The COURAGE Trial

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  • The principal objectives of the COURAGE Trial are to assess prospectively both “hard” endpoints (death or non-fatal MI) and other health care outcomes (resource utilization, quality of life [QOL], and cost effectiveness) during long-term (2½-7 years) follow-up of patients with CHD and myocardial ischemia who were randomized to intensive medical therapy with or without catheter-based revascularization.
  • The principal objectives of the COURAGE Trial are to assess prospectively both “hard” endpoints (death or non-fatal MI) and other health care outcomes (resource utilization, quality of life [QOL], and cost effectiveness) during long-term (2½-7 years) follow-up of patients with CHD and myocardial ischemia who were randomized to intensive medical therapy with or without catheter-based revascularization.
  • Enrollment in the COURAGE Trial started in June 1999 and was completed in January 2004, and a total of 2,287 patients were randomized at 50 hospitals distributed almost evenly between the following health care systems: U.S. VA, U.S. non-VA, and Canadian. Let me remind you, the sample size represents the largest prospective randomized trial of PCI versus medical therapy in CHD patients undertaken to date. The COURAGE Trial follow-up concluded in June 2006.
  • The medical therapy in the COURAGE Trial is aggressive and multifaceted and conforms to the most recent ACC/AHA Treatment Guidelines. It consists of an individualized lifestyle interventions: diet, weight loss, smoking cessation/relapse prevention, and regular exercise routine, as well as of the aggressive use of the following pharmacologic agents. A ll patients in both arms received : anti-thrombotic therapy with aspirin (or clopidogrel 75 mg/day, if aspirin allergy was present). Additionally, clopidogrel plus aspirin use evolved as an accepted standard for PCI management during the course of the study, including clopidogrel loading prior to (or during) PCI. Medical anti-ischemic therapy in both arms included long-acting metoprolol, amlodipine, and isosorbide 5-mononitrate, alone or in combination. Post-MI patients received standard secondary prevention with beta-blockers (unless contraindicated) and an lisinopril or, for those unable to take lisinopril, losartan for left ventricular ejection fraction <40% or anterior MI location. The centerpiece of medical therapy was aggressive LDL lowering with a target of 60-85 mg/dL (1.55-2.20 mmol/L) using up to 80 mg of simvastatin daily, alone or in combination with ezetimibe, in conformity with established. Patients with high-density lipoprotein-cholesterol <40 mg/dL (1.04 mmol/L) were treated with extended release niacin (Niaspan  ). Discussion: Drug-eluting stents were not approved for clinical use until very late during patient accrual and, subsequently, few patients received these intracoronary devices.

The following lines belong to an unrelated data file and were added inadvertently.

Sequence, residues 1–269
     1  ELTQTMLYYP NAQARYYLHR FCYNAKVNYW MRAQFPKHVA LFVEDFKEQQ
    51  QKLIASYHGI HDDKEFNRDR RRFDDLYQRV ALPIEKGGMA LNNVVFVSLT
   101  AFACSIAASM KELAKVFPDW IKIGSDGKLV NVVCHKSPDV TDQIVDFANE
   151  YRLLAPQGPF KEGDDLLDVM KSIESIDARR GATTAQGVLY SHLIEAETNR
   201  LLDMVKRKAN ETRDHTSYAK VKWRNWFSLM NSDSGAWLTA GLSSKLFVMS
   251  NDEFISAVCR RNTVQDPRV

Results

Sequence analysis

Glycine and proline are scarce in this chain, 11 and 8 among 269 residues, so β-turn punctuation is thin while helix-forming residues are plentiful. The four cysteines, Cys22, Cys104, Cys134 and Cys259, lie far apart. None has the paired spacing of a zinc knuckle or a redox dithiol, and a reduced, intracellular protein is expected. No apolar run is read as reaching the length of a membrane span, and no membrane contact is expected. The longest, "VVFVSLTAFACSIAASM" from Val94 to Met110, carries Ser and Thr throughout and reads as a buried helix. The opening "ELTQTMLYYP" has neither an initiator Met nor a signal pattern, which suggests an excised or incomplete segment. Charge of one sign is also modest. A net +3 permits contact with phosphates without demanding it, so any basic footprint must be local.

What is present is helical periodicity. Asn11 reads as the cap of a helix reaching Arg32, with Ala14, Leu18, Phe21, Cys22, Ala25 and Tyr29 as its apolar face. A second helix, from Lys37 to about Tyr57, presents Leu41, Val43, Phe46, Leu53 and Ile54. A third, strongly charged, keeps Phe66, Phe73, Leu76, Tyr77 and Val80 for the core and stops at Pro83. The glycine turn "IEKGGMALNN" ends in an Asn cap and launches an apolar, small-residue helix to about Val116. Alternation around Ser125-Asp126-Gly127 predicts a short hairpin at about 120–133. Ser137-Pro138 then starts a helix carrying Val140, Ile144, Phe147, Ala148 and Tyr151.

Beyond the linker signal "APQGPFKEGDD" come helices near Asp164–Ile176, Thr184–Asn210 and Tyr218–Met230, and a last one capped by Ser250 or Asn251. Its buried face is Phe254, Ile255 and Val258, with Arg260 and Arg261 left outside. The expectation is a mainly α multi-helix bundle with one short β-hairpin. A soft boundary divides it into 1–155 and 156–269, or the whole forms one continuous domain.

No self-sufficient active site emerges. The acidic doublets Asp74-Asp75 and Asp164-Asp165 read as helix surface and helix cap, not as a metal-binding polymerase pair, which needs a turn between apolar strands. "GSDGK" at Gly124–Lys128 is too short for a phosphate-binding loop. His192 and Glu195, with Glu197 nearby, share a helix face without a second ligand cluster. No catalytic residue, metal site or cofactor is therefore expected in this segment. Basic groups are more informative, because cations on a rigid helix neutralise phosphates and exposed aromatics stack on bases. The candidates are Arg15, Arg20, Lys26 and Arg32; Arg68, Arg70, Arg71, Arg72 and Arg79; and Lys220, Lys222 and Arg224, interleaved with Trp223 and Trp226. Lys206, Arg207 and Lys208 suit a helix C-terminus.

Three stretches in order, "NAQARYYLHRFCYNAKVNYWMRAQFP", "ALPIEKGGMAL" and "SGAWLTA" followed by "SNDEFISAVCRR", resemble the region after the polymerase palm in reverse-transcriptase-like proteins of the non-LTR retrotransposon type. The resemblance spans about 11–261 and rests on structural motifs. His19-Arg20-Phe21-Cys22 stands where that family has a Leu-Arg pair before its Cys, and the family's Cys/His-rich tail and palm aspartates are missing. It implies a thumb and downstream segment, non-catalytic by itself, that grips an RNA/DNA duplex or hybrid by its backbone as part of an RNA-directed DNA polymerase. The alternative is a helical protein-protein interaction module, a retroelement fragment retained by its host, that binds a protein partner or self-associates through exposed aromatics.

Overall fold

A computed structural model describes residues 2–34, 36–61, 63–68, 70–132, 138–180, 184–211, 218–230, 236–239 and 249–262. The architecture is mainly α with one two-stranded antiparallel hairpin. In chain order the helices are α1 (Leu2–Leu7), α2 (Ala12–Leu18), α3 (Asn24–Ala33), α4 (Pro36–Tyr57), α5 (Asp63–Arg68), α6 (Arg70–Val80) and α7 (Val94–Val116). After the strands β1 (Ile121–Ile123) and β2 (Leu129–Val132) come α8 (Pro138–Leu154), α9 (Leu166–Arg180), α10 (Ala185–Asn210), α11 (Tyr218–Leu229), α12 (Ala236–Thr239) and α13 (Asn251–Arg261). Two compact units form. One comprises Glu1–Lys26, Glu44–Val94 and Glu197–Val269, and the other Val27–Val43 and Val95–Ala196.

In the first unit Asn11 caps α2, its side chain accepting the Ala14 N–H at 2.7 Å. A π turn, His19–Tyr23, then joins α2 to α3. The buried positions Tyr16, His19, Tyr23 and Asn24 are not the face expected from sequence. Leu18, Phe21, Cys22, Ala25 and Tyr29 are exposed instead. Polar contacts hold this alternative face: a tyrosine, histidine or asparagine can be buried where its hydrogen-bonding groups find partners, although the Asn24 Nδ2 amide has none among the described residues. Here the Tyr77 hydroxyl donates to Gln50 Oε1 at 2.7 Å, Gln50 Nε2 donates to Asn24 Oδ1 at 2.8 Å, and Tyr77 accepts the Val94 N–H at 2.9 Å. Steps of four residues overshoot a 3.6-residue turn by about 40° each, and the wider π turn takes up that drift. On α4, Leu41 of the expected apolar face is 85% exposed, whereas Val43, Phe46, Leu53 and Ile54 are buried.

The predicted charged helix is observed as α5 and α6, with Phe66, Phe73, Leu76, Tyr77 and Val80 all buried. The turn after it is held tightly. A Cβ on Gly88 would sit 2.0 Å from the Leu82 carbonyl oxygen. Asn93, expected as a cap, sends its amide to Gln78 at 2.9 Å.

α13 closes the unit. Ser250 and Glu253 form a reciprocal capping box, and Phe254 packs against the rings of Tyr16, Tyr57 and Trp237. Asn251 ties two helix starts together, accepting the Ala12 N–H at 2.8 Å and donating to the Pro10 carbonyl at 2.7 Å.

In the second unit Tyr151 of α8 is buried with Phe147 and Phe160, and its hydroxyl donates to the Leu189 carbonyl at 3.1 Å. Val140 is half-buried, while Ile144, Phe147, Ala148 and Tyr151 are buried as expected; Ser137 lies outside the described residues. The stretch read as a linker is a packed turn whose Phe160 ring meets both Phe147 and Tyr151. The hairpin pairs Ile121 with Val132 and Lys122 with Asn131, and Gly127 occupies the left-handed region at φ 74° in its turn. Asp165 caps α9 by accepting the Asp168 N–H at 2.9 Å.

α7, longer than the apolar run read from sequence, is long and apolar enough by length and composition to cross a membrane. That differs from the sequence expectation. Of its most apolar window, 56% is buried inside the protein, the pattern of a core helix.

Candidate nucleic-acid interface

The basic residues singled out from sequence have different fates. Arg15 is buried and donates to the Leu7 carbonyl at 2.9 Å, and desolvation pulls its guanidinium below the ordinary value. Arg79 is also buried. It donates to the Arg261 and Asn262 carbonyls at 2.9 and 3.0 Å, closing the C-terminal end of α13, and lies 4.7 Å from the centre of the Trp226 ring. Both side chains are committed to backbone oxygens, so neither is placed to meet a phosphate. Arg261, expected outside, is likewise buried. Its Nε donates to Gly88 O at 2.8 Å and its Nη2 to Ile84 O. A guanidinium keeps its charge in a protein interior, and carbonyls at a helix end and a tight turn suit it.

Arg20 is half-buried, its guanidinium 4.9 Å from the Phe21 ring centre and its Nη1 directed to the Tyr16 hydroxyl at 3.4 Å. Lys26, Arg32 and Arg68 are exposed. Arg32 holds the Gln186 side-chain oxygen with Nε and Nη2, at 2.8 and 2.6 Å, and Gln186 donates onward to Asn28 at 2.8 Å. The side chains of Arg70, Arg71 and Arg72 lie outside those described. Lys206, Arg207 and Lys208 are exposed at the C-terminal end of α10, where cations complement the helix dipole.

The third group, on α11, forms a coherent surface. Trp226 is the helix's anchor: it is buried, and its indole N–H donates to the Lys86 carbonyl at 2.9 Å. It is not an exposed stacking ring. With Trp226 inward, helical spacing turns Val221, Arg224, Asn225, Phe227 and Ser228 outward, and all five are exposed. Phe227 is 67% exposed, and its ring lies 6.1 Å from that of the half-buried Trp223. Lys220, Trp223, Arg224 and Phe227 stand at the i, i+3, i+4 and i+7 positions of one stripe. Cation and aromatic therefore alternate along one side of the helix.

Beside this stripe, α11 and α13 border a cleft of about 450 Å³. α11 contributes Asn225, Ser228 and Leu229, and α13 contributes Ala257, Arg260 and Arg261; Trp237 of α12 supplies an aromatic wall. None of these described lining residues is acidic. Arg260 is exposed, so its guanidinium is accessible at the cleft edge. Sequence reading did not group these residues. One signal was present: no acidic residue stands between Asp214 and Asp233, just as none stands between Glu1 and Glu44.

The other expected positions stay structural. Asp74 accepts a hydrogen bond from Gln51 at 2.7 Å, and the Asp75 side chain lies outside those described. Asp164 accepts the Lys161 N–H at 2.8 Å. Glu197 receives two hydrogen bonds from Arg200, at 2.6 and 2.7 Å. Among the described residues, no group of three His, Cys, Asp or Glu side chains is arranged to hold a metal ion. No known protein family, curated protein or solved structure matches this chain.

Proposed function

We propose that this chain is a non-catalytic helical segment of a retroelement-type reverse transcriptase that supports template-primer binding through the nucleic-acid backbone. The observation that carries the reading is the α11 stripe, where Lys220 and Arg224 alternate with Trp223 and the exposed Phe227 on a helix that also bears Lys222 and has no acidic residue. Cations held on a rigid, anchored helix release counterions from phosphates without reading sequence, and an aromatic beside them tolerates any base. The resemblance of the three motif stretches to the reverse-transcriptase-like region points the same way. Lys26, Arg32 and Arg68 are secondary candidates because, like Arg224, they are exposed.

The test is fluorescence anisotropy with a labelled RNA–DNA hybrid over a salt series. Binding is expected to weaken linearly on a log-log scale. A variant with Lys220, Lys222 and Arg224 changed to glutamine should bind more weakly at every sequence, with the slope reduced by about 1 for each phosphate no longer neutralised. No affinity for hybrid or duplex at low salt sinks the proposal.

• The medical therapy in the COURAGE Trial is aggressive and multifaceted and conforms to the most recent ACC/AHA Treatment Guidelines. It consists of an individualized lifestyle interventions: diet, weight loss, smoking cessation/relapse prevention, and regular exercise routine, as well as of the aggressive use of the following pharmacologic agents. A ll patients in both arms received : anti-thrombotic therapy with aspirin (or clopidogrel 75 mg/day, if aspirin allergy was present). Additionally, clopidogrel plus aspirin use evolved as an accepted standard for PCI management during the course of the study, including clopidogrel loading prior to (or during) PCI. Medical anti-ischemic therapy in both arms included long-acting metoprolol, amlodipine, and isosorbide 5-mononitrate, alone or in combination. Post-MI patients received standard secondary prevention with beta-blockers (unless contraindicated) and an lisinopril or, for those unable to take lisinopril, losartan for left ventricular ejection fraction <40% or anterior MI location. The centerpiece of medical therapy was aggressive LDL lowering with a target of 60-85 mg/dL (1.55-2.20 mmol/L) using up to 80 mg of simvastatin daily, alone or in combination with ezetimibe, in conformity with established. Patients with high-density lipoprotein-cholesterol <40 mg/dL (1.04 mmol/L) were treated with extended release niacin (Niaspan  ). Discussion: Drug-eluting stents were not approved for clinical use until very late during patient accrual and, subsequently, few patients received these intracoronary devices.